Public Release: 

Second genetic link to weight and obesity

New DNA variants found that can help to pile on the pounds

Wellcome Trust Sanger Institute

A study of 90,000 people has uncovered new genetic variants that influence fat mass, weight and risk of obesity. The variants act in addition to the recently described variants of the FTO gene: adults carrying variants in both genes are, on average, 3.8 kg (or 8.5 lb) heavier.

The variants map close to a gene called MC4R: mutations in this gene are the most common genetic cause of severe familial obesity. The study highlights the power of large collections of volunteer samples to uncover common variants that influence health.

"By working together with many international groups we have been able to assemble a sample collection which was large enough to allow this finding to be made," explains Dr Ruth Loos, leading author from the Medical Research Council Epidemiology Unit. "Several groups had shown that rare, highly disruptive variants in the MC4R gene were responsible for very severe, genetic forms of obesity: this collaboration has uncovered more common variants that affect more people."

The study, published in Nature Genetics, is led by investigators from the Cambridge GEM consortium (Genetics of Energy Metabolism) and Oxford University and is a collaboration between 77 institutions from the UK, USA, France, Germany, Italy, Finland and Sweden.

The team studied more than 77,000 adults and found that two copies of genetic variants resulted in an average increase in weight of about 1.5 kg.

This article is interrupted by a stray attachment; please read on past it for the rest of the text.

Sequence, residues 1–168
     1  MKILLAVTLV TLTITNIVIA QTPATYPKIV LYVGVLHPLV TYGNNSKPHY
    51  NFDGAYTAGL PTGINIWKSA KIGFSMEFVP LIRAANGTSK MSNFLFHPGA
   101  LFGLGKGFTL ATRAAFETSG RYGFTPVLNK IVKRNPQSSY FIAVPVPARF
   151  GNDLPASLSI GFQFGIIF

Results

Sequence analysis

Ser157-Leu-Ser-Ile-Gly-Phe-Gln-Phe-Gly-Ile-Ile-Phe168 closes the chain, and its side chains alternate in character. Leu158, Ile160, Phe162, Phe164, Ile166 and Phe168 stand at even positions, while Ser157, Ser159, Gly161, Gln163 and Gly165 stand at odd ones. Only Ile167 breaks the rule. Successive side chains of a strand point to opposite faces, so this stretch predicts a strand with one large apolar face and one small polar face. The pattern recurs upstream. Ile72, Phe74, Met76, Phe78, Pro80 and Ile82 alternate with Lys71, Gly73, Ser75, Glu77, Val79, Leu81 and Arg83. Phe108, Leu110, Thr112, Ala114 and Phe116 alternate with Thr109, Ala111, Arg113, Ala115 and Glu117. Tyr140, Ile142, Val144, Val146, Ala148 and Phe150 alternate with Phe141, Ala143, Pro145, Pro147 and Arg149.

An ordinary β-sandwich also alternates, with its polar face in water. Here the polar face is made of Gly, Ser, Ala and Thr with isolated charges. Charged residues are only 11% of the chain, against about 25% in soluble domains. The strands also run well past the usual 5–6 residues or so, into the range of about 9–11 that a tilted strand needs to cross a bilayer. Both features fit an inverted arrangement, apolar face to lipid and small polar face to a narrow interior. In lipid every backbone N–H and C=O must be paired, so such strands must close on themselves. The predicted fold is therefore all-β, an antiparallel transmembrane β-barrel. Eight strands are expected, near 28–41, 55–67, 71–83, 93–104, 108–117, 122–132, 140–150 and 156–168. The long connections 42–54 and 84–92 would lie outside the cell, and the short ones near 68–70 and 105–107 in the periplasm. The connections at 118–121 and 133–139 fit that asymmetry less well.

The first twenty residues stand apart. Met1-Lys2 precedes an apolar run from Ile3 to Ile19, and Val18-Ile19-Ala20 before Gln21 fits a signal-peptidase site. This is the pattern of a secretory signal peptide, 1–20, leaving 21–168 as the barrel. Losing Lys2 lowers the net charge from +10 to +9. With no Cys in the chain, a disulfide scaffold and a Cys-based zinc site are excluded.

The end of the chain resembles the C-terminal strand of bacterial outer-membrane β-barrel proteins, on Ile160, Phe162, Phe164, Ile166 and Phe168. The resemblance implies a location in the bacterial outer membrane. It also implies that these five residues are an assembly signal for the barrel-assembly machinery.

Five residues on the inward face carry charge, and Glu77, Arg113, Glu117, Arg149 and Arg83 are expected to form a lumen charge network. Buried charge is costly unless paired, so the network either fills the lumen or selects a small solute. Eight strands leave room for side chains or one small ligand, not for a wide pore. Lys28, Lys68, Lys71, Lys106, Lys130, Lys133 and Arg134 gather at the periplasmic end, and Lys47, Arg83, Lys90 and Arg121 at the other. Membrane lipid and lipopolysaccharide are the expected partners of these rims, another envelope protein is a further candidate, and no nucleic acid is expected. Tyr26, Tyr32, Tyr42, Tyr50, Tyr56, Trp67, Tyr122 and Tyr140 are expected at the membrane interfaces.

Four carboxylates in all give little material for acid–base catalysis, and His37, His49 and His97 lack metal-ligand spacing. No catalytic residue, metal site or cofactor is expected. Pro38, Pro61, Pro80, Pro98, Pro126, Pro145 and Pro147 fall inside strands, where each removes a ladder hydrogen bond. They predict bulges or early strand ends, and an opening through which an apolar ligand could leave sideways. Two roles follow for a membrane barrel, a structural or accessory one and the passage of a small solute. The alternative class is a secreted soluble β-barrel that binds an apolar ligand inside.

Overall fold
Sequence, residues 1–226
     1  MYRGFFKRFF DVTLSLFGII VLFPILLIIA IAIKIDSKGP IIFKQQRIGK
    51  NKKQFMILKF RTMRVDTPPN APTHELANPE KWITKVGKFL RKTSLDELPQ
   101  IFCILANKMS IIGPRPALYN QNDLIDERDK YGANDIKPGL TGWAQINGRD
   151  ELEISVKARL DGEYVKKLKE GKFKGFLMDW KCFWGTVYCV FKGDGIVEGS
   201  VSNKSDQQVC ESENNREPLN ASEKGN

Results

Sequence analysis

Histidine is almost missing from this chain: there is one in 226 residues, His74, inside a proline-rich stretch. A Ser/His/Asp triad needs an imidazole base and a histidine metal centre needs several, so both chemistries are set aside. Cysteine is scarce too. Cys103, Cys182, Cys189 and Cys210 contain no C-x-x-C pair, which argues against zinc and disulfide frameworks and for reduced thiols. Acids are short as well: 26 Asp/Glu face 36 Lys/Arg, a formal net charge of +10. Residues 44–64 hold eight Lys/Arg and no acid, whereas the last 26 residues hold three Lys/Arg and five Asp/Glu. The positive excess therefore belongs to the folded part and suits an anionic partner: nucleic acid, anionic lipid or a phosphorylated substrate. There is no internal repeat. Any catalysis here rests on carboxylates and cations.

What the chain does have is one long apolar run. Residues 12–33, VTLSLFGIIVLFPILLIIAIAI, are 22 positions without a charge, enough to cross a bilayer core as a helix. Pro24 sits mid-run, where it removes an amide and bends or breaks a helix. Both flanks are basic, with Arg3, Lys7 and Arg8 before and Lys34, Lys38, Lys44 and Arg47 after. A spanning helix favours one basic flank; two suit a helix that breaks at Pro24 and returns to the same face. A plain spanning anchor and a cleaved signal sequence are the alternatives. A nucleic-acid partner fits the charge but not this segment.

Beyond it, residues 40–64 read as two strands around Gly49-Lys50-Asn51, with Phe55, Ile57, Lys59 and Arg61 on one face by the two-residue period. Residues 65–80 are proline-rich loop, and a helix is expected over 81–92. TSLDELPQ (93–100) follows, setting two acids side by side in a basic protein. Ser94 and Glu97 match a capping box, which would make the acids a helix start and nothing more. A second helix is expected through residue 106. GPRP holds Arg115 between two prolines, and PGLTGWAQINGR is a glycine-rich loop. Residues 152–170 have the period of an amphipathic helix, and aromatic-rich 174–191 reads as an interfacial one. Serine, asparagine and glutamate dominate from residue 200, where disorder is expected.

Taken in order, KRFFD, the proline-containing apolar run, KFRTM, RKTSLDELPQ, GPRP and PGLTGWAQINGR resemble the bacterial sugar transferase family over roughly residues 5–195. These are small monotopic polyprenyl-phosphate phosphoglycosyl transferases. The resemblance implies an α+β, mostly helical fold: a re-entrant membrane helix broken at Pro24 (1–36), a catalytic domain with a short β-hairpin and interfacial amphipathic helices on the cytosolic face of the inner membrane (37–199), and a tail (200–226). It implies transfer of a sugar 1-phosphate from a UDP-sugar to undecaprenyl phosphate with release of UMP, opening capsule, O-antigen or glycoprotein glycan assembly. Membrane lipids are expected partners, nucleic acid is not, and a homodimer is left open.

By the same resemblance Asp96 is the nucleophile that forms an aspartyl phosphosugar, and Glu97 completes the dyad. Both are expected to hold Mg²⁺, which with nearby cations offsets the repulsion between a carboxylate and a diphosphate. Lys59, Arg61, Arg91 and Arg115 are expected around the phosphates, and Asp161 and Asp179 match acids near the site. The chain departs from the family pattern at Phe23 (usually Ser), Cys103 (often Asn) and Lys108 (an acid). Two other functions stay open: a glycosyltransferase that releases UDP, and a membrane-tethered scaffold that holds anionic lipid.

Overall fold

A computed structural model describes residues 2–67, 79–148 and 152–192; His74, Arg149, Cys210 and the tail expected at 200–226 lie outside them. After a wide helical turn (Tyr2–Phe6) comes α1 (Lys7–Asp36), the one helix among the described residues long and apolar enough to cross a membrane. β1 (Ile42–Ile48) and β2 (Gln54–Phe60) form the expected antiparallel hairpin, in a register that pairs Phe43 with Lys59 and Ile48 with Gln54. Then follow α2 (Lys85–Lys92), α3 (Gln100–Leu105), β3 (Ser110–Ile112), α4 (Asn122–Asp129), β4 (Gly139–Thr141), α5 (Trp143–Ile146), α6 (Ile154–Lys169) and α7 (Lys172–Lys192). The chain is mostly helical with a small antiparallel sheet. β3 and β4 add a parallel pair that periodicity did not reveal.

This is the second set of common variants that are associated with weight and obesity, following the study, involving many of the same team, published in April 2007 that uncovered a role for the FTO gene. People who carry two copies of an FTO variant are about 2-3 kg heavier than those who have no copies of the variant.

Importantly, the effects of the new gene add to those of FTO; people who carried both the FTO variant and new variants were on average 3.8 kg (8.5 lb) heavier.

"This is a great example of how cooperation can bring about new findings that can be missed when researchers work in isolation," explains Dr Inês Barroso, Investigator at the Wellcome Trust Sanger Institute and one of the senior authors on the study. "The precise role in obesity of genetic variants in FTO and near MC4R remains to be discovered, but we can now begin to understand the biological consequences of these variants. This is where this research will make a difference."

MC4R protein plays a pivotal role in many aspects of physiology, including regulation of appetite and energy expenditure. The severe form of MC4R-related obesity is a consequence of alterations in the gene sequence, resulting in an inactive or less active MC4R protein.

By contrast, the new variants lie some distance from the MC4R gene. The team suspect that the sequence variant changes activity of the MC4R gene, perhaps by disrupting DNA regions required for normal activity of MC4R.